Imagine a Swiss nurse, an Afrikaans doctor, their two daughters, a little blonde girl and a small smiley Zulu girl all living in a stone house on the top of a mountain in rural Zululand, KZN. I had the most amazing day with this family, The Hamiltons. Their Scottish surname is terribly unsuited to such a multicultural family.
Tanned Afrikaaner dad Hennie, his blonde Swiss wife Sylvia, little Zulu two-year-old Anna, blonde, four-year old Esther and her black baby doll are warm people, deeply caring and very rural. They stay in a house in the middle of nowhere, on top of the Ingwavuma mountains 20 km from Swaziland. Their house was built by community members who agreed at a tribal council (a real one, not a Survivor episode) to give them land. It is actually not completed so for now the family is staying in their guest bungalow. They are surrounded by beautiful bush and the sounds of silence punctuated by birds’ tweets. Two Solar panels on the bungalow roof power a camping fridge, one light and still offer enough power to charge cell phones.
It costs five rand to charge a phone at the local grocery store so having a neighbour with solar power is a bonus. While I was at the house for lunch, two neighbourhood children popped by to fetch charged phones for their grannies. The area has no electricity.
The Hamilton’s lived inside Mosveld hospital where Hennie worked for seven years, before moving to their new house this year. They acquired land the traditional way, finding a piece of land in an area where they knew the neighbours and would be welcomed.
The Nduna (a woman) and the chief above her met with the Hamiltons and some 50 people who live near the land. The chief asked the community members how they knew the Hamiltons. The community answered that they knew then from the local church and the hospital. Then the chief asked all the people if they were happy with the Hamiltons coming to live on the land. Everybody agreed. So then the land was demarcated with rocks and bushes and beer and juice were drunk. Beer is part of the Zulu land giving ceremony.
And that is how the rural doctor and his family acquired land with the most amazing view of green plains in the valley. Their garden is magnificent: filled with indigenous vegetation, rocks, moss, and cacti. They will never technically own the land and so could not get a mortgage to build their house and would have difficulty selling it.
Sylvia always wanted a stone house and noted that a neighbour had built a small house with stones set beautifully in concrete. The neighbour’s house (about 500 metres away) even has the words World Cup 2010 built with stone into the walls. This same man helped build her house. The neigbours help Sylvia with life and apparently laughed hysterically to hear that a 41-year-woman had never owned chickens before in her whole life. One of her neighbours has agreed to slaughter the chickens because Sylvia says she is not going to go that far. She did grow up in first world Switzerland after all.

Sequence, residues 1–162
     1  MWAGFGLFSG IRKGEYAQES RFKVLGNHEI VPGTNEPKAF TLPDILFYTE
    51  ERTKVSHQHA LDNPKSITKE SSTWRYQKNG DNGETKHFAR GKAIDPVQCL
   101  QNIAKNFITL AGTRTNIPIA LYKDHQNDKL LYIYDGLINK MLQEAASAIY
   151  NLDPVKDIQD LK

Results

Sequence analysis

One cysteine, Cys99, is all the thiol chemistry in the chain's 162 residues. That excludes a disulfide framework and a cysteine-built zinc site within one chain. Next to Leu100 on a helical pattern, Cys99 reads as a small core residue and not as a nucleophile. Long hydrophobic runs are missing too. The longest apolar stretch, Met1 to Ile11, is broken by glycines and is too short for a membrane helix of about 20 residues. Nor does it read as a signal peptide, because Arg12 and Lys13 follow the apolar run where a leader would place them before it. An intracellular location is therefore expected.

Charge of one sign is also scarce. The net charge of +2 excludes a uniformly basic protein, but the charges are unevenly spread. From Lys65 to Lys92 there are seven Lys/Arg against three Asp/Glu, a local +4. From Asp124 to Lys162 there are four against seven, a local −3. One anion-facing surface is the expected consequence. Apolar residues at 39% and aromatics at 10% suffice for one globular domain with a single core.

Sylvia says their oldest daughter Esther loves rural life playing freely in the gardens, befriending the Zulu children and staying with the Zulu neighbour once a week. Anna also plays freely in the open bush. The girls speak Swiss German with their mom and Afrikaans to their dad. They hear English when their parents communicate and learn Zulu from the children around them.
Sylvia is a stay-at-home mom expecting her third child, while her husband is a highly experienced rural doctor. He is one of the few who stay for years in a rural area and dedicate their lives to healing rural people. Less than 15 percent of all South African doctors work in rural areas. But 43,7 percent of SA people live in rural places. This country needs more Hennies.
What is even more amazing is that Hennie learned to do cataract operations at Government hospital, Edendale, and then got many eye machines donated from insurance company Discovery and people in America. He started doing eye operations a number of years ago on people blinded by cataracts.
The waiting list for a cataract eye operation at the specialist hospital that services the Northern KZN rural hospitals is a year. But for the past few years locals have been able to get operations done by Hennie. They wait anything from a day after their first appointment or a month for help.
But one of his machines is broken and it’s been six months waiting for a new one from the government so all operations have been on hold. Bureaucracy now practically prevents donations from America or anywhere really, so Hennie has had to wait for a new machine from Government.
But Hennie believes he is where God has called him and his religion inspires him to make a difference in the community and not too get frustrated. He and his wife say the best doctors and nurses in rural areas have a calling – religious or not- to be there. And that calling helps them cope with the difficulties in rural life like delayed pay, and bureaucracy. Hennie was not paid for the first four months he worked at a rural hospital back in the late nineties but he didn’t care as he was living his dream. He knew he would be paid eventually.
The Hamilton’s are very interesting people. Sylvia used to do home based care for people too sick with Aids to get to hospital. She also did lots of HIV testing and counselling- a Swiss nurse in Zululand. It’s not surprising their local Zulu community have welcomed them into their bushy, green neighbourhood. Neighbours keep their phones on when Hennie has nights of work at the hospital and when Sylvia is alone at home. They come with mielies and pumpkins to visit, giving generously with what they have and they are welcomed in return.
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